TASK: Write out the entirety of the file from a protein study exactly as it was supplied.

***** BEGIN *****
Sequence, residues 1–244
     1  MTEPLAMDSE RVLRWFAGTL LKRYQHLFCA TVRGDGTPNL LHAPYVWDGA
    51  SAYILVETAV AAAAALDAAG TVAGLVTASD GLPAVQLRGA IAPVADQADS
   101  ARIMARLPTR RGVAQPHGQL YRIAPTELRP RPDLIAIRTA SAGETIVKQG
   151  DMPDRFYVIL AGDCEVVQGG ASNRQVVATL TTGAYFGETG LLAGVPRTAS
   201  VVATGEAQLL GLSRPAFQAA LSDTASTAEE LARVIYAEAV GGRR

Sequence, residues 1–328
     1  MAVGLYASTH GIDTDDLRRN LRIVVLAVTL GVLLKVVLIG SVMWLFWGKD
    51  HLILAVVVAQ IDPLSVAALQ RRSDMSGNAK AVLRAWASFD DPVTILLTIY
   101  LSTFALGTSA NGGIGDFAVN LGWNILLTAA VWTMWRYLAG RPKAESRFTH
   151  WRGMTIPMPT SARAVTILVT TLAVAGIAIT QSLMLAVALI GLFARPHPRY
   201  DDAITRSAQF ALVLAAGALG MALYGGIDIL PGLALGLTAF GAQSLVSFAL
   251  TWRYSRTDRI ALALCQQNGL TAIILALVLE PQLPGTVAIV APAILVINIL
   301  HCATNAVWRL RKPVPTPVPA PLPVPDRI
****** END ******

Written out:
Sequence, residues 1–244
     1  MTEPLAMDSE RVLRWFAGTL LKRYQHLFCA TVRGDGTPNL LHAPYVWDGA
    51  SAYILVETAV AAAAALDAAG TVAGLVTASD GLPAVQLRGA IAPVADQADS
   101  ARIMARLPTR RGVAQPHGQL YRIAPTELRP RPDLIAIRTA SAGETIVKQG
   151  DMPDRFYVIL AGDCEVVQGG ASNRQVVATL TTGAYFGETG LLAGVPRTAS
   201  VVATGEAQLL GLSRPAFQAA LSDTASTAEE LARVIYAEAV GGRR

Sequence, residues 1–328
     1  MAVGLYASTH GIDTDDLRRN LRIVVLAVTL GVLLKVVLIG SVMWLFWGKD
    51  HLILAVVVAQ IDPLSVAALQ RRSDMSGNAK AVLRAWASFD DPVTILLTIY
   101  LSTFALGTSA NGGIGDFAVN LGWNILLTAA VWTMWRYLAG RPKAESRFTH
   151  WRGMTIPMPT SARAVTILVT TLAVAGIAIT QSLMLAVALI GLFARPHPRY
   201  DDAITRSAQF ALVLAAGALG MALYGGIDIL PGLALGLTAF GAQSLVSFAL
   251  TWRYSRTDRI ALALCQQNGL TAIILALVLE PQLPGTVAIV APAILVINIL
   301  HCATNAVWRL RKPVPTPVPA PLPVPDRI